Reasons Why Stopping Smoking Will Improve Your Quality of Life

Smoking is a difficult habit to kick to the curb, and many people find it difficult to begin to process. One of the reasons people struggle to quit smoking is due to the dependency they have developed, especially when withdrawal symptoms can be a struggle to overcome. However, while the negative effects of smoking are widely advertised, something which is not made as clear, is the positive lasting impact stopping smoking will have on your lifestyle. If you are struggling to find a reason to stop smoking, then sometimes focusing on the positives can have a greater impact than focusing on the negatives. With that in mind, here are just a few examples of how going smoke-free will help you to improve your general quality of life.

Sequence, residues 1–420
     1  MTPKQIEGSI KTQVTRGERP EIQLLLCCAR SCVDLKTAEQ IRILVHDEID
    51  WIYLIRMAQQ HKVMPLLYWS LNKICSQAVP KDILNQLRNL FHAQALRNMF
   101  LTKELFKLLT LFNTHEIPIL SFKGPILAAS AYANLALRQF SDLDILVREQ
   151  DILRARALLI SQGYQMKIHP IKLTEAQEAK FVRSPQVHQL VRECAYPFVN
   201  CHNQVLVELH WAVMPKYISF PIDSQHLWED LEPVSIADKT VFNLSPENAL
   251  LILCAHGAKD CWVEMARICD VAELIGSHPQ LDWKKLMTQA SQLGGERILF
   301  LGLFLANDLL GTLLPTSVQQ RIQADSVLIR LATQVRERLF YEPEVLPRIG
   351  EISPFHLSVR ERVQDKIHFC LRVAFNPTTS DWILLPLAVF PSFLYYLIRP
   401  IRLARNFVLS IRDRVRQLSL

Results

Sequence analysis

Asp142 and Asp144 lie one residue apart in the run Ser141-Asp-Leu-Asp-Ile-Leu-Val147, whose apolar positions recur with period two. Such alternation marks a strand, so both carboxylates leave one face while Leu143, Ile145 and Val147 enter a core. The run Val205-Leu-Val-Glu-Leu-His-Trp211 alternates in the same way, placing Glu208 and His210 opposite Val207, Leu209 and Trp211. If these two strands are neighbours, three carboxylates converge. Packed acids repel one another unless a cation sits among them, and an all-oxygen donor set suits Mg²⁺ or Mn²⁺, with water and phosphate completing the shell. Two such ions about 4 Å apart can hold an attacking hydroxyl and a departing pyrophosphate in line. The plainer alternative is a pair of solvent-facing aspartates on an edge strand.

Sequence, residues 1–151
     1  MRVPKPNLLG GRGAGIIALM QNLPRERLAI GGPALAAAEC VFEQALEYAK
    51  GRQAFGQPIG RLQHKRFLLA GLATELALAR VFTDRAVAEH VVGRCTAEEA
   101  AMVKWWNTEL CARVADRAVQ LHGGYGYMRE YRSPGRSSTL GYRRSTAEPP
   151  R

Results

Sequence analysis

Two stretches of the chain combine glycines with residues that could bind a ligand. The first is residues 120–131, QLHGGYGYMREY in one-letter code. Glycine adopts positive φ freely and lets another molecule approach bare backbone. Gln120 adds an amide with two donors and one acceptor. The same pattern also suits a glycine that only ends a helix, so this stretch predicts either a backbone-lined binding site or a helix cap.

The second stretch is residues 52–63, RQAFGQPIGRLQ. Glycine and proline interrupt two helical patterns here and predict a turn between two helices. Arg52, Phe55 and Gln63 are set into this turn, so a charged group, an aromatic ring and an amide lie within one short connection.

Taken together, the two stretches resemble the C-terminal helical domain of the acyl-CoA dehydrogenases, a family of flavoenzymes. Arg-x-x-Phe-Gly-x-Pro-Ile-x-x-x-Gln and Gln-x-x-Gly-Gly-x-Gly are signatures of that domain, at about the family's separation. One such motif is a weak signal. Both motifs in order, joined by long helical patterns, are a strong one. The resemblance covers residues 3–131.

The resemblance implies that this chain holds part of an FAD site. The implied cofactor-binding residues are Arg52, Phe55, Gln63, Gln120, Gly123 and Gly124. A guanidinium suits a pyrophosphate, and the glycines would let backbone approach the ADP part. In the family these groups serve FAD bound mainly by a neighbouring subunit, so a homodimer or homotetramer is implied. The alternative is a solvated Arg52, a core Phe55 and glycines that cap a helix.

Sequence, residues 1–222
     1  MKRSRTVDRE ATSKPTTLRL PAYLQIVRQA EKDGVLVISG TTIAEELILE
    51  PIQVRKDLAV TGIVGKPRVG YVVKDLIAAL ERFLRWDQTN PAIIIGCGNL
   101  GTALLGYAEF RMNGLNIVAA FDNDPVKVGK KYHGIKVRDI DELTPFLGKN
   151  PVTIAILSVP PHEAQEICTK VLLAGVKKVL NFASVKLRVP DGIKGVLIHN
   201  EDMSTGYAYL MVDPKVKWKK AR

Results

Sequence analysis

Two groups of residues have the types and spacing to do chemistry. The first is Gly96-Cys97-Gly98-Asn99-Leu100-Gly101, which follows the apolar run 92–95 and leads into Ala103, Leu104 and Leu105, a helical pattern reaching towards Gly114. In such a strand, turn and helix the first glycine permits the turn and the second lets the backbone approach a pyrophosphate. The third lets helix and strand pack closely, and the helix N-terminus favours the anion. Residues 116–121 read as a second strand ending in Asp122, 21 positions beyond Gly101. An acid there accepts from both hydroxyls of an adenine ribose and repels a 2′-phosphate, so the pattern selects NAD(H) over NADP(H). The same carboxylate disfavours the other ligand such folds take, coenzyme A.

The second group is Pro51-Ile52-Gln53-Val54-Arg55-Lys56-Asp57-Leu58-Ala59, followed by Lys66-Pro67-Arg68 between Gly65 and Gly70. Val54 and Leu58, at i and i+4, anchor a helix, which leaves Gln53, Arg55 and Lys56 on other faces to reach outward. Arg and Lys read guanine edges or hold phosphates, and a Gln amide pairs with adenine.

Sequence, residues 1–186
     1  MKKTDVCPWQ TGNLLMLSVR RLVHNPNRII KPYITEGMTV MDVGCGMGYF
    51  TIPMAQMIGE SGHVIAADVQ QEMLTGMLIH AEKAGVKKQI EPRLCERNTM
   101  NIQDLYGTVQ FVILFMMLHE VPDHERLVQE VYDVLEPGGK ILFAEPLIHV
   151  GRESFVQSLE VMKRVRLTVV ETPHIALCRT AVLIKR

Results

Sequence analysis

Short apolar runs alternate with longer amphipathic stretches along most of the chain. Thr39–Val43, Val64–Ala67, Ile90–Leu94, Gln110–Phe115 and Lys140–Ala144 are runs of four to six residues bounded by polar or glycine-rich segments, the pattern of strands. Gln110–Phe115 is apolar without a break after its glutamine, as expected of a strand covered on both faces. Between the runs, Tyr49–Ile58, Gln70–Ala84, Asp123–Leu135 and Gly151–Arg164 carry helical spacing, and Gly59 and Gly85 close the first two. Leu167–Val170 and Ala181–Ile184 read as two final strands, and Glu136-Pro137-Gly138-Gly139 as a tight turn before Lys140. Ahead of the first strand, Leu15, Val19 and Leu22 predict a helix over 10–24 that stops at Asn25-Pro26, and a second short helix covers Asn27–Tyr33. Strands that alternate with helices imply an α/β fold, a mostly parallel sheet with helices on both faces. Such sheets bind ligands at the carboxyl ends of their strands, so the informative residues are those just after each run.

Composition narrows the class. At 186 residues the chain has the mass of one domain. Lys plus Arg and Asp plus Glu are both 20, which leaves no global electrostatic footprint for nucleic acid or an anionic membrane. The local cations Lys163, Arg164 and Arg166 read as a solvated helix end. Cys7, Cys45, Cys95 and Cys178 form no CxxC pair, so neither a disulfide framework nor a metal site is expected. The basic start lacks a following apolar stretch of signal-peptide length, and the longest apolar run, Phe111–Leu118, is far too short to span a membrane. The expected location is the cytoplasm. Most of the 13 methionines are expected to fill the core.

Being able to to be more social

While fellow smokers might not mind the smell of cigarettes, many non-smokers can find smoking in general rather off-putting due to the smell and the problems involved with passive smoking. If you have a dependency on smoking, taking regular cigarette breaks means you can be removed from the conversation. If you live in a state where smoking has been banned in some, or all, public places and buildings, then it can be a nuisance if you are craving a cigarette and have to leave the group to go out in bad weather, or stand with complete strangers, just to get your fix. Therefore, stopping smoking can improve your social life and allow you to spend more time with people who do not enjoy smoking.

If you are looking for smoking alternatives while you wean yourself off smoking, vaping is a slightly more social method of nicotine inhalation and is less effective for other people in terms of the smell. You can read more about vaping if this is an alternative you would be interested in pursuing.

You will have more energy in the long run